Yogos are unique among the sapphires of the world. Whereas most of the sapphires found around the world vary greatly in color and quality, the Yogo sapphires unusual corn-flower blue color is natural (rather than heat treated) and color and clarity are uniformly high. Yogos are nearly flawless. Another unusual quality of Yogo sapphires is that they retain their magnificent brilliance under artificial light. The majority of Yogo sapphires are the signature blue; however, exceptionally beautiful shades of purple are occasionally found.
Rough stones are generally quite small, flat and wafer-like in shape. The majority of the crystals or pieces of crystal discovered to date are too small to be cut. Most stones are less than 1 carat and anything over 2 carats is extremely rare. The largest crystal ever found was a 19 carat stone that in 1910 was crafted into an 8 carat gemstone. The largest cut Yogo is 10.2 carats and resides in the Smithsonian Institution in Washington, D.C. Rarer than diamonds, Yogo sapphires are coveted, exquisite, expensive jewels.
Fifty million years ago the cataclysmic geological events that crafted our great state caused rocks, buried deep beneath the earths crust, to melt into masses of molten magmas. One of these magmas, located on the northeastern side of the Little Belt Mountains of Central Montana, rose into the Madison Limestone deposit where it slowly cooled to form a lamproite dike. This gigantic dike intruded a fissure in the earth to form the worlds largest deposit of gemstone quality sapphires, the Yogo Dike.
Located near the historic town of Utica, Montana, in Judith Basin County, the Yoga Dike varies from 8 feet to 100 feet wide and stretches over five miles in length. Although recent geological surveys indicate sapphire reserves in the Yogo Dike at depths in excess of 7000 feet, mining to date has not gone beyond approximately 250 feet. Geologists estimate that as much as 28 million carats lie beneath this huge overburden. It is impossible to fathom the size, clarity and value of the treasure still buried.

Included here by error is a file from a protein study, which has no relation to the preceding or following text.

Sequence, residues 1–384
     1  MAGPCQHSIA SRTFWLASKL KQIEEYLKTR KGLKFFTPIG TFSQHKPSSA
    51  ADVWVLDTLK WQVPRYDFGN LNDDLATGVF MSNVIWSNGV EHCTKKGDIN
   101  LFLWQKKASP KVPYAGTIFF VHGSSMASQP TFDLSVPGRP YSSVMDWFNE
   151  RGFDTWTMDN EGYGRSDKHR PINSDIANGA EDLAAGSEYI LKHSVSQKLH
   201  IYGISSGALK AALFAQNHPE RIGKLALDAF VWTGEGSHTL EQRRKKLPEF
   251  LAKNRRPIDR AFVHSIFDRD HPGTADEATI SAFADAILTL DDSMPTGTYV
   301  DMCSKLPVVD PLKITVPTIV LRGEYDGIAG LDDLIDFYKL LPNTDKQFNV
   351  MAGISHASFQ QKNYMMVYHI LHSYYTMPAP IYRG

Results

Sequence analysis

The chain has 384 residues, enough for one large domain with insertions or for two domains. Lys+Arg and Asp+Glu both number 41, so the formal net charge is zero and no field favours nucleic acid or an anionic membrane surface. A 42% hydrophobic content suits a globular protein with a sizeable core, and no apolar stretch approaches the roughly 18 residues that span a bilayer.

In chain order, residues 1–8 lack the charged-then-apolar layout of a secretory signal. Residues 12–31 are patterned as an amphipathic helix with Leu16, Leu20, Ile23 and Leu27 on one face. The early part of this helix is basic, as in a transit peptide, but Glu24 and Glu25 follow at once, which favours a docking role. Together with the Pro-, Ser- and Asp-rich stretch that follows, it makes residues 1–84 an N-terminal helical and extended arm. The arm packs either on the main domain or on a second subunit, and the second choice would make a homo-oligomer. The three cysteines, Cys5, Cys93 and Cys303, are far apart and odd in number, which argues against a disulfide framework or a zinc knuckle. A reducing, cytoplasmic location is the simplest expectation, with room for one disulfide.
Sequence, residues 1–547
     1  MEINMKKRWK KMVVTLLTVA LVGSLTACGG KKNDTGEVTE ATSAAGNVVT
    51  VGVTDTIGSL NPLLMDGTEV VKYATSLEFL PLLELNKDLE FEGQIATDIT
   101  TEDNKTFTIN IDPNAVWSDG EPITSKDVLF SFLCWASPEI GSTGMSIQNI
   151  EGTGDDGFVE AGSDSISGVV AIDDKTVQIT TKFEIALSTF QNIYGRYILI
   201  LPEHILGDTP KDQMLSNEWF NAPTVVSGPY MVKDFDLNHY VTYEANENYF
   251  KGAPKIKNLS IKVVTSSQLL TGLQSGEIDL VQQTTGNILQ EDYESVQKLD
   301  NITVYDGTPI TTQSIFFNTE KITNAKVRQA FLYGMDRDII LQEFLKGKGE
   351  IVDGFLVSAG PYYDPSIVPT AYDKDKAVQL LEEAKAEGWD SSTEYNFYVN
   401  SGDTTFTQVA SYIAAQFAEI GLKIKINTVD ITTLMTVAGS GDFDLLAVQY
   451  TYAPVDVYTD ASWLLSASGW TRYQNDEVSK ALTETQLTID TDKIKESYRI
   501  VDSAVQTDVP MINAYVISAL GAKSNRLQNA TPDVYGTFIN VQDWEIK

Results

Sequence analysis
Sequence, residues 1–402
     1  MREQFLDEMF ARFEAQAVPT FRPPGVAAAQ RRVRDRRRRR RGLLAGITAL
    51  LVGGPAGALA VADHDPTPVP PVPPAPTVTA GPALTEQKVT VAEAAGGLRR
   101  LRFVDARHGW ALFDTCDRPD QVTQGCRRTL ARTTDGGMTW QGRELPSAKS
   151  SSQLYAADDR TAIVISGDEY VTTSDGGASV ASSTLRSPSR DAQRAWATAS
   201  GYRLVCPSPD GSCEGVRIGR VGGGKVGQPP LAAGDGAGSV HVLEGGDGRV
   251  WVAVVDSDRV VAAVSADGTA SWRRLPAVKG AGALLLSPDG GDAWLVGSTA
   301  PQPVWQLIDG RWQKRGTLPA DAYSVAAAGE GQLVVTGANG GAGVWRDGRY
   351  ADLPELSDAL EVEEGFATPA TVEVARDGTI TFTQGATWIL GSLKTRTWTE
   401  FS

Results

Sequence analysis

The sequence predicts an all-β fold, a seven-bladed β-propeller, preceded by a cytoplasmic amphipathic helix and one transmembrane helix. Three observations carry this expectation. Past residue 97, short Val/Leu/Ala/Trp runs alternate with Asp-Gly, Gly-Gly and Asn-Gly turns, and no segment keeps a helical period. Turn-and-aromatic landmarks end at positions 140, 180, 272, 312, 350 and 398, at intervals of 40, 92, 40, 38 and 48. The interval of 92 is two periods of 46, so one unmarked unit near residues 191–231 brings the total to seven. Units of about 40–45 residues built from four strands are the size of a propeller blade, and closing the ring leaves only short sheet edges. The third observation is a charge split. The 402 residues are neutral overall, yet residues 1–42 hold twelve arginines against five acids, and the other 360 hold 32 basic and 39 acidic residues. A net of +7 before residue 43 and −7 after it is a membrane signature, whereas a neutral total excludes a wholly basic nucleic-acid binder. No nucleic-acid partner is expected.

When the magma in the Yogo Dike crystallized, atoms of oxygen and aluminum merged to form corundum, the mineralized form of aluminum oxide. The word corundum is derived from the Sanskrit, kuruvinda (Ruby). The corundum formed exquisite, perfectly shaped transparent crystals. Traces of titanium and iron within the molten magmas provide the naturally occurring rich cornflower blue colorization.
The Yogo Dike is Montanas only primary corundum source. In mining terminology primary means that the gemstone being mined remains embedded in the rock where it was formed and that rock has not migrated from its original location. When the host rock has eroded and the gems have been transported by rock slides or water to another area, the new site is called a secondary source or a placer deposit.
History of Sapphires in Montana
The discovery of sapphires in Montana was a result of the gold rush of the 1860s. Thousands of prospectors, seeking the elusive mineral, converged upon the area to pan the gravel bars and stream beds. Those prospectors, with experience gained in the great California gold rush, quickly constructed wooden sluice boxes to separate the gold from the gravel. Sapphires, being heavier than the gravel, collected in the bottom of their concentrates and clogged the sluice boxes. These translucent pebbles were simply a nuisance and were quickly cast aside in their frantic search for gold.
Gem quality corundum that is not red in color is called sapphire. Sapphires are white, yellow, orange, green, blue, violet and sometimes pink. The small multi-colored stones that angered early placer miners by clogging gold sluices in such places as El Dorado Bar east of Helena were considered worthless.